I believe we could soon see a short term launch up to the US$1180 area for the spot gold price. I first penned this paragraph when gold was under $1100 before Easter. As we have just risen quickly I would not be surprised to see a small pull back now in the POG before it heads higher here. If I am correct this will be a welcome rally however this move may get confused with a break out.
These following paragraphs are also a week old now but here it is for interest sake: Why do I suggest we could see a short term gold rally shortly? Where are my technicals? We are stuck in a price compression which gives no indication of direction on the break so the gold price could go either way. I have been reviewing the gold company chart set in my Members area, looking for indications, literally wondering why I am forming this opinion.
There are already some signals that some of the short-term down trends are now exhausted in a few of these stocks. Other stocks are already up-trending and may have some further short term upside. A few flat liners in base formations are showing signs of life after death. There are also signals from the leading ASX listed gold stocks to indicate that they are leading the way for gold.
Apart from chart patterns in gold itself which could potentially be pointing to a rise I look to the XGD. The Australian gold sector bounced strongly off the 5100 area some weeks back with a powerful buy signal as I highlighted at the time. In fact I alerted my Gold Members to this as potential support before it probed down there. After a jump and some consolidation since then the XGD looks like it could easily have some upside.
The rest of my reasoning is from the behaviour of the share price action lately it does not roar like a bear or look like a bear so it probably isn’t a bear. To add weight to this for my own reasoning I just have a gut feel we need to see a rally before the end of the financial year which in Australia is at the end of June. The most logical time is April for this to occur.
We usually see a false break out before the real deal towards the end of consolidation periods and this is not likely to be any different. This type of event is part of short covering and traders getting set in their positions.
I have sat through many of these consolidation periods in gold this past 9 years so I am used to it. They are important to get people used to higher price levels. They assist an orderly sustainable price rise no matter what holds the price back. I don’t see the major break upwards for gold until early in the second half of 2010. In the meantime the bears are being disappointed yet again as another higher base is formed.
Sentiment in the Australian gold sector has been very poor lately and this is good news for contrarians as we gear up to re-enter at favourable prices. This next (false IMO) break out will bring back some support into April however the May to June period will probably represent the best buying for most stocks in this sector. I could almost construct a sentiment index by graphing interest in GoldOz and I am sure many other gold sites are the same.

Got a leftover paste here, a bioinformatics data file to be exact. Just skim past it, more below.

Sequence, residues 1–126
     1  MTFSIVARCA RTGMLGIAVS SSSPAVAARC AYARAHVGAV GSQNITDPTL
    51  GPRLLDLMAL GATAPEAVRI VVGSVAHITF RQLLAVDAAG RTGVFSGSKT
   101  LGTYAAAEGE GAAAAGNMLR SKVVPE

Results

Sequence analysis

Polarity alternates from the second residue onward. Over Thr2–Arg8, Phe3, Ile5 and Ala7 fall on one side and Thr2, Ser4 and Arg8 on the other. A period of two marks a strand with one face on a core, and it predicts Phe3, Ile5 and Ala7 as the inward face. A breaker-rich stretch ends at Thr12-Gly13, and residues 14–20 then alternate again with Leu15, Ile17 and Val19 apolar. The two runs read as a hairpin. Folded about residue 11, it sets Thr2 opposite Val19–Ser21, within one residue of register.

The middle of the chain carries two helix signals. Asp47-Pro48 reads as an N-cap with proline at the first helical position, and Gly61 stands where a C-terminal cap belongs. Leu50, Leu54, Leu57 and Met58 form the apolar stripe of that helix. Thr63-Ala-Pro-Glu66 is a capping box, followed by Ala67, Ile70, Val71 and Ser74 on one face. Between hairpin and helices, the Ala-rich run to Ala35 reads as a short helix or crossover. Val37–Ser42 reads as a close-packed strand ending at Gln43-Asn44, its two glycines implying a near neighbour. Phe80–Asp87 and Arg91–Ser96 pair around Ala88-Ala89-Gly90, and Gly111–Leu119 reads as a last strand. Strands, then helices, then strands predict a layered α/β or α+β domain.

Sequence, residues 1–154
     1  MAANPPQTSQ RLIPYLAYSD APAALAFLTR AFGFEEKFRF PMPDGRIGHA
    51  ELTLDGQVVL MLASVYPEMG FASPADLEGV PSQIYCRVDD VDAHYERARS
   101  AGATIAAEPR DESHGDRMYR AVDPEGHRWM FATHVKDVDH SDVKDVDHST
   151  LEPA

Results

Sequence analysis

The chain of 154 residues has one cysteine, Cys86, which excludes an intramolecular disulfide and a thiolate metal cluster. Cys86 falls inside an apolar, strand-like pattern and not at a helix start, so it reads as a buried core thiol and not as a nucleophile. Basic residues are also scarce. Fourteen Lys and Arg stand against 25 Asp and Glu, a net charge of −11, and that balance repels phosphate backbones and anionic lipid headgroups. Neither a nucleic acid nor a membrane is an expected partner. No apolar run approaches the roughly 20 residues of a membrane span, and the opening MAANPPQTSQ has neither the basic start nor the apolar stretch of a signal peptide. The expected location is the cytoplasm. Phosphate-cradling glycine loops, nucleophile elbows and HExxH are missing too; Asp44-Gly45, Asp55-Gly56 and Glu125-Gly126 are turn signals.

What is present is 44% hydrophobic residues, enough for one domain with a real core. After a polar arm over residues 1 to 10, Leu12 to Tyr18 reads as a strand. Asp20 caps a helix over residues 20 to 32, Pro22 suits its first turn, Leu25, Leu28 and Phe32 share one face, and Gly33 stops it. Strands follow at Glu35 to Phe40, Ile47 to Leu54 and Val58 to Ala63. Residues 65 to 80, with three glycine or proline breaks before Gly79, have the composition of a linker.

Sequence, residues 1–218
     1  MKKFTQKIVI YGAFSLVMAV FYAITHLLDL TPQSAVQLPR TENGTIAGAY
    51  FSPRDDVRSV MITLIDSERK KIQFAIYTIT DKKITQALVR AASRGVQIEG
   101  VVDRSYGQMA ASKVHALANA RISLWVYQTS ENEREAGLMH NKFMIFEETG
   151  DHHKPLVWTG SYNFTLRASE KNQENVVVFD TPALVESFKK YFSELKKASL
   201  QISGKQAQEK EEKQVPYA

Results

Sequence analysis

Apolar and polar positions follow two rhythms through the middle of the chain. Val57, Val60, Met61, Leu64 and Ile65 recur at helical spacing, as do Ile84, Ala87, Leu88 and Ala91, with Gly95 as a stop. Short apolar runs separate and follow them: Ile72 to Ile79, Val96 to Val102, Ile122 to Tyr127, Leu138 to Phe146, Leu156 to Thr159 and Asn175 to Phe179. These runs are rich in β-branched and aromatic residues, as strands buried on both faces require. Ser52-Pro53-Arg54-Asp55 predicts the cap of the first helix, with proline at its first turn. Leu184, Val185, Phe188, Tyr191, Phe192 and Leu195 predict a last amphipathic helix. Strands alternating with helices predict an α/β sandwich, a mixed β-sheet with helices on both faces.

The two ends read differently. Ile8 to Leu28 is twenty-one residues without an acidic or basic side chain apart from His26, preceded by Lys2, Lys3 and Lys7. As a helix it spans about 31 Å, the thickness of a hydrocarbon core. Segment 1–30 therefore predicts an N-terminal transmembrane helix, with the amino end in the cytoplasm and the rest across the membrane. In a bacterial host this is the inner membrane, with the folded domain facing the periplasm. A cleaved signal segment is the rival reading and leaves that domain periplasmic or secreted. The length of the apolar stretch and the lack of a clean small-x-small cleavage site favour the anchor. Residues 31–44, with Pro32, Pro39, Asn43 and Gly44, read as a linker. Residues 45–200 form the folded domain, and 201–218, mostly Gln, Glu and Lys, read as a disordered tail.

The right time to subscribe to these type of services is actually now, not near the top when it is all over. The only benefit you might get near the top is help with when to pull out so if you have no stocks then there is no point. When sentiment is right down, such as times like this it is time to do your due diligence very thoroughly. This can be a lengthy process as you may discover that a particular issue needs to be handled by the company before you take a position. So you watch and wait for things to progress and for technical signals to trigger your entry points.
It takes a great deal of time to carefully select the right stocks from the large selection on offer. The sector is so fluid that it is hard even for full time analysts to keep up with events. I believe this rally right in front of us will assist us to determine which stocks will do best with greater accuracy once the real break out begins.
In the past few months we have seen finalisation of take-overs; mines change ownership, new floats, capital raisings, and companies moving into production, exciting drill results and all sorts of activity in this gold sector. Behind the scenes these businesses are making great progress to reduce costs, reduce risk in their balance sheets and progress their operations. This is an exciting time in the evolution of this gold sector as a whole. The excitement this week has been the proposed merger between Lihir and Newcrest which was instigated by Newcrest. Lihir has initially rejected this proposal.
I am preparing two reports now; the first is a higher risk company with a fantastic ground position and a chance to advance strongly in the coming rally. The other is set to continue to reduce cash costs and undergo a re-rating over the next gold up-leg too. I believe it could outperform its peers. In both cases I will do my best to time the release of the reports to optimise timing for this “educational” opportunity.
Neil Charnock is not a registered investment advisor. He is an experienced private investor who, in addition to his essay publication offerings, has now assembled a highly experienced panel to assist in the presentation of various research information services. The opinions and statements made in the above publication are the result of extensive research and are believed to be accurate and from reliable sources. The contents are his current opinion only, further more conditions may cause these opinions to change without notice.